- Making your servers a bit more "green" with smart system adminstration, part 2: tools
- Quick and dirty MySQL optimizations
- Making your servers a bit more "green" with smart system adminstration, part 3: the right tool for the right job
- Making your servers a bit more "green" with smart system adminstration (part 1)
- The art of autoresponders (part 2)
Making your servers a bit more "green" with smart system adminstration, part 4: MySQL databases
May 16, 2010,
"Green IT" can only work if you have a combined approach of optimization on all levels. Knowing how to get the most out of the components you are using is a must.
Many websites these days are database driven, so a badly configured database installation has direct impact on the performance of a site. A properly configured database means less resources are wasted. In this article we will highlight a few things we have encountered in the past.
Overhead in MySQL databases
As we said in an earlier article about quick and dirty MySQL optimizations keeping your databases tidy is good for performance. With the script in that article you can get rid of the cruft that can accumulate in the database. But cleaning out the attic is not the only optimization that is possible. For example, it won't help with two common performance issues: the amount of database connections and the use of an index on a database.
MySQL database connections
Once we got a cold call from a company who had a severe performance issue and they needed a "Linux nerd" to solve it and one of their employees remembered us from our university days. Their new website had just gone live and was getting a lot of traffic, but the website was incredibly slow most of the time, but once a request "got through" it was very quick. The load on the servers was averaging 0.00 so there had to be some bottleneck, but they didn't know where. A quick look at the MySQL settings learned that the amount of database connections was way lower than the amount of hits they were getting. We set it to 25 times as much and restarted MySQL, and the performance issues were gone.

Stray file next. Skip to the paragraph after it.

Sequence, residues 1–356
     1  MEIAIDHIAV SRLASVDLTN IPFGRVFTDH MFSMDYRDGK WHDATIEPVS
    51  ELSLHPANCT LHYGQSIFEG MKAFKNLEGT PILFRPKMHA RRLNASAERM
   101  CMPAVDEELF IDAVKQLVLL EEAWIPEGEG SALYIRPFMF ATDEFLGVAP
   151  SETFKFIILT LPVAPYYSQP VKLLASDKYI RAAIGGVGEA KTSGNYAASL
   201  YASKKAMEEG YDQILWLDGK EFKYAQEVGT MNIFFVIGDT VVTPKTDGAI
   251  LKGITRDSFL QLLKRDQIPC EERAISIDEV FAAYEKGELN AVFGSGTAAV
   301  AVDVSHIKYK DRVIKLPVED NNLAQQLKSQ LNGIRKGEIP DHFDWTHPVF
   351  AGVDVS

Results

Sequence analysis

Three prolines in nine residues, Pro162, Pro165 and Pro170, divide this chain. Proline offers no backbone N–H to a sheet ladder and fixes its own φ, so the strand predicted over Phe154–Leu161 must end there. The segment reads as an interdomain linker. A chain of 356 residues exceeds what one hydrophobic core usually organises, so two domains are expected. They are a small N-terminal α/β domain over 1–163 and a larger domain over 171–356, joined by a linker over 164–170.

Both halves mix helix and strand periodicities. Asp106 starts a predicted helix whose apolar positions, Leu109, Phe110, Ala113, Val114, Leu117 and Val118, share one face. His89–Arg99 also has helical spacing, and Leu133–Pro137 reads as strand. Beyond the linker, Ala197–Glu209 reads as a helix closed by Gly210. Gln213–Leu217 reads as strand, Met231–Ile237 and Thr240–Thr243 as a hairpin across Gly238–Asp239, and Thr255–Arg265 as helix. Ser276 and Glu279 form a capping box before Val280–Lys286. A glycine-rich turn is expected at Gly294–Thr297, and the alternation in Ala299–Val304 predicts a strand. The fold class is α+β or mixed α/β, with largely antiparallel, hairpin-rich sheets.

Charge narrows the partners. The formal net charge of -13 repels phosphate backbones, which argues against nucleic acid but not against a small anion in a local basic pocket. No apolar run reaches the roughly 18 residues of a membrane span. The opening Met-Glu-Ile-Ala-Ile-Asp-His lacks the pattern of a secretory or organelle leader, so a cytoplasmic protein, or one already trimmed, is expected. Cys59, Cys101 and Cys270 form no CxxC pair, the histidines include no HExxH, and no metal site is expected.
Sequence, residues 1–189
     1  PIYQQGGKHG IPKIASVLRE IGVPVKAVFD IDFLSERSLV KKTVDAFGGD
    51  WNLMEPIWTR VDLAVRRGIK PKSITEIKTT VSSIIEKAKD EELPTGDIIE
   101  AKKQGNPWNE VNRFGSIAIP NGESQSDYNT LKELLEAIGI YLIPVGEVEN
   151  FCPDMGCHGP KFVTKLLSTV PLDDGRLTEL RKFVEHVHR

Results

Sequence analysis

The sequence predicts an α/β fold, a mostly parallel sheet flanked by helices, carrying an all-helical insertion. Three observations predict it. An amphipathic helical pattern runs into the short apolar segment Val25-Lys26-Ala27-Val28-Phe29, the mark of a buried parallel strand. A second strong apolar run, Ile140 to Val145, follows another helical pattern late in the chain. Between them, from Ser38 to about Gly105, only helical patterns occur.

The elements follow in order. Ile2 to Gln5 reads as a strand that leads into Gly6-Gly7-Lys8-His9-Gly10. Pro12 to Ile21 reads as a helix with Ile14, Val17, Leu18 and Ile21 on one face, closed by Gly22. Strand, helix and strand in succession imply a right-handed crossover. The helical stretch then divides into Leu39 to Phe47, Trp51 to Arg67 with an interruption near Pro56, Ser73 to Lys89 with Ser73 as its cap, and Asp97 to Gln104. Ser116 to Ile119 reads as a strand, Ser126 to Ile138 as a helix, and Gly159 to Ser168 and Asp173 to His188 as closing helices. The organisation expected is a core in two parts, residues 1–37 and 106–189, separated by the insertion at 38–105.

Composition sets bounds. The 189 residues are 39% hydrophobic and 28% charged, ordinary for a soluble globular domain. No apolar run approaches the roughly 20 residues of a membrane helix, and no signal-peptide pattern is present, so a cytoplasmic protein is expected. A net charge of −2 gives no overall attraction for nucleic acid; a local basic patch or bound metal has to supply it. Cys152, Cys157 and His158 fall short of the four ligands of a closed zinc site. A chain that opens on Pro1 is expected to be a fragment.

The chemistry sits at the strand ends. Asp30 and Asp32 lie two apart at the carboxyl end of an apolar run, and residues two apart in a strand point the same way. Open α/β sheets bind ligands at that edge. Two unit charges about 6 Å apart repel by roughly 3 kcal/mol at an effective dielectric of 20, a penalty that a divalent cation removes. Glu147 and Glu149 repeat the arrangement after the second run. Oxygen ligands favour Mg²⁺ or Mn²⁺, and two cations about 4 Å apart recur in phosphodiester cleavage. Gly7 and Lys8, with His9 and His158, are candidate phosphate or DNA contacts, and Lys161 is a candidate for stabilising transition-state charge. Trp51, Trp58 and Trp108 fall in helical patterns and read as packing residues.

Using an index on MySQL databases
MySQL allows you to set one or more indexes on one or more database columns. Without an index you would have to search through all rows in a database table every time you make a query. With an index you sacrifice some diskspace for a massive speedup. The wikipedia article about database indexes nicely explains the background.
There are plenty of websites where the database is small enough to make searches without an index bearable, but it makes it hard to scale to bigger databases, or to more sites. We always try to pick the right indexes on our databases when setting up new sites. So far we seem to doing quite OK.
Don't use a database
The best way to prevent that a database is the bottleneck is to not use a database when it is not necessary.
There are many sites that use a database to dynamically generate a page, even when this is completely not necessary, because the content of the page is always the same. If this is the case you can use a templating engine such as smarty to generate pages, write them to a cache and serve them statically. The database is only used during the generation process, but not when serving the pages. For us this has worked really well. Of course, there are plenty of pages where dynamic content is needed and we still need a database for that. But, when we don't have to use a database, we won't.